During the course of maturation the developing heart is subjected to variations in hemodynamic load and in the availability of oxygen and other substrates, so it is not surprising that the constituents responsible for the force generated during myocardial contraction will vary as well. The investigation of contractile protein variation during cardiac development has focused on qualitative and quantitative changes in protein isoforms. Information is also emerging about the regulatory signals that control these processes. However, much remains unknown about the functional consequences of the shifts in cardiac contractile proteins that occur with development. This chapter will outline the developmental changes in the contractile apparatus that mediate the cellular mechanics of contraction.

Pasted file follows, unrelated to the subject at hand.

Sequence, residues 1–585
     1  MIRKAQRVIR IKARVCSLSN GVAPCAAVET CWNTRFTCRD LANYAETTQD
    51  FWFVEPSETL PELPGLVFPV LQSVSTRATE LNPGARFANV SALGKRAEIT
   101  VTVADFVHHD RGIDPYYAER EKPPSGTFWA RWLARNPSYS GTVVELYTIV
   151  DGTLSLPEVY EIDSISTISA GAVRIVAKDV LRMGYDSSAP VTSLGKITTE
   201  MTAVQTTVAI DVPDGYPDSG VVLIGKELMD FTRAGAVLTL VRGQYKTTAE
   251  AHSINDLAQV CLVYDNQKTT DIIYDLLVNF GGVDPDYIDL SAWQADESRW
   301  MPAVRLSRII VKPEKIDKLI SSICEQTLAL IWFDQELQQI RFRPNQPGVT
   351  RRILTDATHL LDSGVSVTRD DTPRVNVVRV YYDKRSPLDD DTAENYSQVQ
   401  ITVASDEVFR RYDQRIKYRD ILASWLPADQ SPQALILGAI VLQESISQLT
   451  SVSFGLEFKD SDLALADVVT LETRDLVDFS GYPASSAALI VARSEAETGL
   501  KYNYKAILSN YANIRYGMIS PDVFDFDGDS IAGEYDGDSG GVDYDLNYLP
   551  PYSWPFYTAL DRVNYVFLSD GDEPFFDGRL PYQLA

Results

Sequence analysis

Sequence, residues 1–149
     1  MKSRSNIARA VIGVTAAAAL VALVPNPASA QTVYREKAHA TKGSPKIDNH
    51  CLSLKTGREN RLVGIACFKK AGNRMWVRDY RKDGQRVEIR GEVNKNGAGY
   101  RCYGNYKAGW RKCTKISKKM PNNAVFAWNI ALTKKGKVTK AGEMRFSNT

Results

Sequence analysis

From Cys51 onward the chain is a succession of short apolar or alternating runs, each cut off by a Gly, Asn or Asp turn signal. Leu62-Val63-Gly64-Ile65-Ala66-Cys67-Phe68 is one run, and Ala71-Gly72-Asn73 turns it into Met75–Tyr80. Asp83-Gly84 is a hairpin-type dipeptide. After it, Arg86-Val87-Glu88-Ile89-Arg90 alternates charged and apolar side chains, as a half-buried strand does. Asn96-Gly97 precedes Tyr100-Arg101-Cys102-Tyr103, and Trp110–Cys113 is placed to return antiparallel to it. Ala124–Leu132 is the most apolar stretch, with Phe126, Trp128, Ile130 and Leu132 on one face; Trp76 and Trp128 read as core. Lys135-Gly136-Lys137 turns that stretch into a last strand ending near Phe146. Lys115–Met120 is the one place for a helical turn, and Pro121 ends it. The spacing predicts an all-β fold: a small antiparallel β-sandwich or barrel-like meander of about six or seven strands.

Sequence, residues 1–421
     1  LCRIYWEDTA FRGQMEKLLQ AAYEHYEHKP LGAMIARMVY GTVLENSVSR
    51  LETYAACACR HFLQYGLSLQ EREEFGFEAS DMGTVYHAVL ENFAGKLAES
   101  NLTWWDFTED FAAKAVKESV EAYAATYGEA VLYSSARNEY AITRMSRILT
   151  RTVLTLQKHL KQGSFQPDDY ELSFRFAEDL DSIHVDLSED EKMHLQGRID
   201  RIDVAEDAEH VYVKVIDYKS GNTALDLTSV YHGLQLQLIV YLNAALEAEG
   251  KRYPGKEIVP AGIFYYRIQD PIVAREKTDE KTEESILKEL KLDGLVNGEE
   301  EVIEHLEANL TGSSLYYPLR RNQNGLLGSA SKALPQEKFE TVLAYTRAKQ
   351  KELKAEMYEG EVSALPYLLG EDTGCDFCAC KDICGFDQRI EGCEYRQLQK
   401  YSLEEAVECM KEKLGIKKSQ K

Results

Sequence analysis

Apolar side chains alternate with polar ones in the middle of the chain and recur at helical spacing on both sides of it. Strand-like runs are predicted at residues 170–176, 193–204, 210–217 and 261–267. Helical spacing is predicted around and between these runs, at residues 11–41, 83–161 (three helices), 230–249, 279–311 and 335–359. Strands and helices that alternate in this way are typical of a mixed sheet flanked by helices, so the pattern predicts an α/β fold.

Mechanisms for diversity in contractile protein isoforms
The protein content of the myofibril in general reflects the transcript levels for individual proteins. Variation in myofibril composition during development is mediated by two mechanisms: alternative splicing of transcripts or differential expression of members of a multigene family (Andreadis, Gallego, & Nadal-Ginard, 1987; Nadal-Ginard et al., 1991; Chien et al., 1993; Sartorelli, Kurabayashi, & Kedes, 1993). For example, alternative splicing of transcripts regulates the troponin T (TnT) isoforms in the developing heart and determines the tissue-specific isoforms of the cc-tropomyosin (a-TM) gene (Nadal-Ginard et al., 1991). The transcriptional regulation of contractile protein genes in the heart is the subject of active investigation. A few general themes have emerged from the study of the transcriptional regulation of these genes. First, although some regulatory elements may be shared between skeletal muscle and heart, the regulatory regions controlling gene expression in heart are often distinct from those regulating expression in skeletal muscle.